Abby Flickner decided to attend Hutchinson Community College, but she was not sure what she wanted to major in. She grew up on a farm in Kingman, raising cattle and crops. Her mother had a garden and canned vegetables, but Flickner did not think farming was going to be her path. While at HCC, she toured their greenhouse.


“It got me motivated,” Flickner, 19, said. “I realized I wanted to study horticulture and work at a greenhouse.”


Several other students in the agriculture or agronomy judging classes at HCC want to go back home to their farm, but first they want to learn the ins and outs of growing plants and working with different types of soil. Along with HCC, Seward County Community College and Cloud County Community College have working greenhouses.


“We like the students to see more of the plant growth,” said Chelsea McCall, agriculture instructor at CCCC. “They really enjoy being able to see things grow in real life.”


The students at Hutchinson study all types of plants inside the greenhouse, including a banana tree, coffee plants and cacti. They also get to learn how to plant in diverse soils.


“There’s a lot of things they can learn,” said Kent McKinnis, agriculture instructor at HCC. “Every seed is planted at a different depth and at a different time.”


At SCCC, along with learning to grow plants and judge them, students learn about the business aspects of running a greenhouse.


“We teach students about managing a greenhouse, including making a marketing plan, balancing time, understanding labor costs, using the mechanical components and selecting the type of greenhouse to use,” said Joshua Morris, agriculture instructor at Seward.


In addition to management skills, Morris runs a hydroponics class, where the students grow lettuce, tomatoes, green leafy vegetables, cucumbers and herbs in one of the school’s three greenhouses.


Spencer and Joel Came of Salina, both 19, came to HCC to study agriculture and major in Farm and Ranch Management. The cousins understand the skills they learn in the greenhouse will transfer over to when they go back to help on their family farm.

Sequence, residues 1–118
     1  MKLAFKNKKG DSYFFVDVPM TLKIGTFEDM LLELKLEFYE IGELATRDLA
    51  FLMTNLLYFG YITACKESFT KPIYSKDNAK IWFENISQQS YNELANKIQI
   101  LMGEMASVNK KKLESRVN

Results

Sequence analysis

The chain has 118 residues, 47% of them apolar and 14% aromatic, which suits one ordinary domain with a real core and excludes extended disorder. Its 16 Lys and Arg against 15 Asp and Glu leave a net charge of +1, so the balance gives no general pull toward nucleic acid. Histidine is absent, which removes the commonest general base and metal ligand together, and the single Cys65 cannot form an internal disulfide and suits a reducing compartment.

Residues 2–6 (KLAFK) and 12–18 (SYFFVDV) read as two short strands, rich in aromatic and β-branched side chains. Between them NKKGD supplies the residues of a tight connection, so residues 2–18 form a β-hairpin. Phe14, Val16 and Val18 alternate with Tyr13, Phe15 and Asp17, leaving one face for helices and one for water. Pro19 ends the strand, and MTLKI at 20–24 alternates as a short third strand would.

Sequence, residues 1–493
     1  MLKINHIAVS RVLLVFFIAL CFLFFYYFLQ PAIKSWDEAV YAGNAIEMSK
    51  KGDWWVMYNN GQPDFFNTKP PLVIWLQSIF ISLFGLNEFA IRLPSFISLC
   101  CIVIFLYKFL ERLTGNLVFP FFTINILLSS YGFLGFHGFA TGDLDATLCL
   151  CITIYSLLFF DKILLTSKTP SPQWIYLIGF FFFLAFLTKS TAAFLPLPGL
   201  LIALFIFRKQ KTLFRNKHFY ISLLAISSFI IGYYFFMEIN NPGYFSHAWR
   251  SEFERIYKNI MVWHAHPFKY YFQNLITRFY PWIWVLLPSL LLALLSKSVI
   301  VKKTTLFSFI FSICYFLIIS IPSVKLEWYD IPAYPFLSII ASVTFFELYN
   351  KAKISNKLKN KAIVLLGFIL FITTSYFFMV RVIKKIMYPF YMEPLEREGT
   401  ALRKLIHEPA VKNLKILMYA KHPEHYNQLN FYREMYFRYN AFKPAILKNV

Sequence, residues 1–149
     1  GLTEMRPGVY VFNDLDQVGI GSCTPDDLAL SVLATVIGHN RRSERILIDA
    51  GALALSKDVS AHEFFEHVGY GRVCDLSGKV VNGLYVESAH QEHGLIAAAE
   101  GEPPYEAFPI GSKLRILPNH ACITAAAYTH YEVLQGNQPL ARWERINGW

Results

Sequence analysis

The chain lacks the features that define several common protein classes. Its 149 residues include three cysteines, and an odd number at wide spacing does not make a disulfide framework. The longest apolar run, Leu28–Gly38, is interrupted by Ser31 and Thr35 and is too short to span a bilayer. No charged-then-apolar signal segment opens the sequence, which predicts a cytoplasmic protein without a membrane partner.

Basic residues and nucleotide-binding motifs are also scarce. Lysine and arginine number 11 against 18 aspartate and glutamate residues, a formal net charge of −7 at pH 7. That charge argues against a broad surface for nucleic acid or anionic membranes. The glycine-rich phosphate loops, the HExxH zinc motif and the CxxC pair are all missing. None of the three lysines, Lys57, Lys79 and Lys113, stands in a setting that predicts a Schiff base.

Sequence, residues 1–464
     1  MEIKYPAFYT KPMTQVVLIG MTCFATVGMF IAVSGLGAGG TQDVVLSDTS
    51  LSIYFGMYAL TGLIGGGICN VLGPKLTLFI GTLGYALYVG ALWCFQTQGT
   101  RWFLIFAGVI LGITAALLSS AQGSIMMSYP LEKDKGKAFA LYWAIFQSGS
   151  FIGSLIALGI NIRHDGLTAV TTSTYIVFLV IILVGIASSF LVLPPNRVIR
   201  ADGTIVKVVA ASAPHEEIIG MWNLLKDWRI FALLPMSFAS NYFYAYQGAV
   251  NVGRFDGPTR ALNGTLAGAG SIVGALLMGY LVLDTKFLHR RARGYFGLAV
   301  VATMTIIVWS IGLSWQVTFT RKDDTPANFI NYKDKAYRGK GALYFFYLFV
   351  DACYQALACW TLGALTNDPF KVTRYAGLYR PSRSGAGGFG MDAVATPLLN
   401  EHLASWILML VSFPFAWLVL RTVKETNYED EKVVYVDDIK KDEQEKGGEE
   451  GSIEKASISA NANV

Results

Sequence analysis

“There’s always new things happening in agriculture,” Spencer Came said. “I think it’s important to learn so we can apply it onto our farm.”


The cousins live on a cattle ranch with more than 400 animals. They also help grow several cash crops.


At all three community colleges, students are finding their calling. One student in the greenhouse program at Seward is also an HVAC major. He realizes he can learn to fix the mechanics that help the greenhouses cool and heat.


The three instructors teach students how to recognize plants, grow them and transplant them. The students also learn about insect management and plant health. All the instructors utilize the benefits of growing food year round in their teaching. In addition, they grow weeds, forages and crops, so the students can have hands-on practice with these greens.


Macy Hoskinson, 19, of Haven, who lives on a family farm, wants to teach children about raising animals and plants. After graduating from HCC, she plans to attend Kansas State University and major in education.


“Agriculture feeds the world,” Hoskinson said.


Trenton Brummer, 19, of Osborne, also wants to stay in agriculture. After Hutch, he too wants to attend K-State, but he plans to major in agronomy.


“I want to do seed sales,” Brummer said. “I like living in small towns and being able to produce food for the rest of the world.”


The HCC students are growing vegetables, herbs and flowers that they will sell in April on their main campus for their annual fundraising event.


“Agriculture’s got jobs available,” Morris said. “We need people in those jobs. We’re trying to expose them (the students) that it’s not just about growing plants. We try to do as much hands-on as possible.”